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The Grass Is Always Greener


Download links and information about The Grass Is Always Greener by Barbara Morgenstern. This album was released in 2006 and it belongs to Electronica, Rock, Pop genres. It contains 12 tracks with total duration of 45:34 minutes.

Artist: Barbara Morgenstern
Release date: 2006
Genre: Electronica, Rock, Pop
Tracks: 12
Duration: 45:34
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No. Title Length
1. The Grass Is Always Greener 4:43
2. The Operator 4:23
3. Polar 3:24
4. Das Schoene Einheitsbild 3:13
5. Unser Mann aus Hollywood 2:45
6. Juist 3:53
7. Alles Was Lebt Bewegt Sich 3:40
8. Ein paar Sekunden 3:34
9. Die Japanische Schranke 5:06
10. Quality Time 4:09
11. Mailand 2:35
12. Initials B.M. 4:09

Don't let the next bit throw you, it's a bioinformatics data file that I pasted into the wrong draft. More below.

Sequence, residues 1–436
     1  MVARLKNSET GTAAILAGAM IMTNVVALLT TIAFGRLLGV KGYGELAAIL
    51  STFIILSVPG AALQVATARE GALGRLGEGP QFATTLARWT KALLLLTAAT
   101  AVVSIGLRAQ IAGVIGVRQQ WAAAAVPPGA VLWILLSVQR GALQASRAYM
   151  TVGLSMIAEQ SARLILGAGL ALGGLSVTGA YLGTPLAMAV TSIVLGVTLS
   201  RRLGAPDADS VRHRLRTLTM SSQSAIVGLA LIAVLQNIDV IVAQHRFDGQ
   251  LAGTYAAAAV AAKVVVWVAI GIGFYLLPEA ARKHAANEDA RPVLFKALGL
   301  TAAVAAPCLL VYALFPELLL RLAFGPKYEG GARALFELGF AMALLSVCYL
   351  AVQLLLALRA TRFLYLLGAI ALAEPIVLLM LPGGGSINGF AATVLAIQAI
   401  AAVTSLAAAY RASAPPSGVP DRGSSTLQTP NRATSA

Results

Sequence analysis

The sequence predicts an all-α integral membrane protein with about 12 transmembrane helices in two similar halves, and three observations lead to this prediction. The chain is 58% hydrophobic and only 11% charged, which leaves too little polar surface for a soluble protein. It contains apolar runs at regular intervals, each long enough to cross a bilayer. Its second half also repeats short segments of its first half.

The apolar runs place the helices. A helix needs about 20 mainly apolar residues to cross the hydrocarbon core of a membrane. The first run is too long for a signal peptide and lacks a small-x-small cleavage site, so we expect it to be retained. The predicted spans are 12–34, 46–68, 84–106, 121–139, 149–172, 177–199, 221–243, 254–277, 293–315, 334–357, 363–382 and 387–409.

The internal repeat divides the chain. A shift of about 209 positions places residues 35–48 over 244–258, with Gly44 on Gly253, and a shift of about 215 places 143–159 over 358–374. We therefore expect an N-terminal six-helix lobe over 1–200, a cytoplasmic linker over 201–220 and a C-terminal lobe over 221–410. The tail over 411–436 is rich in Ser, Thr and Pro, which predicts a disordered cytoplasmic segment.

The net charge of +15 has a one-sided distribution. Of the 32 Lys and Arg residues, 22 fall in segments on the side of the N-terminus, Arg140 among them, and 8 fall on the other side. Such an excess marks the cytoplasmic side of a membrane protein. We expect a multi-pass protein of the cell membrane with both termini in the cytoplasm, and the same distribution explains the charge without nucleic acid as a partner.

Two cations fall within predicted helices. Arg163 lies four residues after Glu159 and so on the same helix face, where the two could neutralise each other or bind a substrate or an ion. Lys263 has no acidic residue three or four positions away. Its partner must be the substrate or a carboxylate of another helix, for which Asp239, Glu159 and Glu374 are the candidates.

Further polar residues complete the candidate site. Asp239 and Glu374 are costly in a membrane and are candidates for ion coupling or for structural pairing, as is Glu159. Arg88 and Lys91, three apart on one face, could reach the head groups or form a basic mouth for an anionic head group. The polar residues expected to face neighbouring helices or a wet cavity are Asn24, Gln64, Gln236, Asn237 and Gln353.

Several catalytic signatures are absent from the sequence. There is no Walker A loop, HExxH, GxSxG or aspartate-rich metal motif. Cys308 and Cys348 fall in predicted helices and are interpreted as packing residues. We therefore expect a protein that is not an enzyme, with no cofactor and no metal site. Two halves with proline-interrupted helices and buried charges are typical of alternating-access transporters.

If Nichts Muss found Barbara Morgenstern shifting her style from indie electronic to techno-pop, her follow-up album, The Grass Is Always Greener, finds her embracing the pop aspect while backpedaling away from techno. These sorts of shifts have come to be expected from one Morgenstern album to the next, as she continually repositions herself stylistically. Yet over the course of her solo recording career, a single trajectory has been clear with each successive release: Morgenstern continues to move herself further into the spotlight, making her singing, piano playing, and songwriting the focus of her music, while steadily moving the electronics, once the emphasis of her music, into the background. As a result, she's become increasingly distinct, to the point where it's difficult to mistake her music, even her instrumentals, for that of anyone else. This in itself is an accomplishment, given the innumerable artists recording electronic music concurrently in Germany. Yet as distinct as it may be, The Grass Is Always Greener is a pop album: eight of the 12 songs are sung, with full-blown choruses, and practically all of them are driven by old-fashioned piano. As is customary for Morgenstern, the first third of the album is immediate — gripping songs with strong hooks and melodies — while the second two thirds drift between instrumentals and vocal tracks, the last third in particular meandering toward a moody finale. The key highlights are found in that first third: sequenced back to back, "The Operator" and "Polar" are as impressive as anything Morgenstern has ever released — the former a forceful synth pop confection with an absolutely driving rhythm, the latter a chilling, exceptionally melodic song that builds to a dizzy height. The Grass Is Always Greener is arguably the most impressive album Morgenstern has recorded to date, and certainly her most confident and personalized. However, its focus on vocals and piano, along with the pop-style songwriting, may alienate some who were enamored of her prior work, particularly the excellent, techno-informed Nichts Muss. And there will be those who don't care for the German-language singing, or the omnipresent piano. Clearly, The Grass Is Always Greener is not for everyone, though for those swayed by its singularity and boldness, the album is fascinating.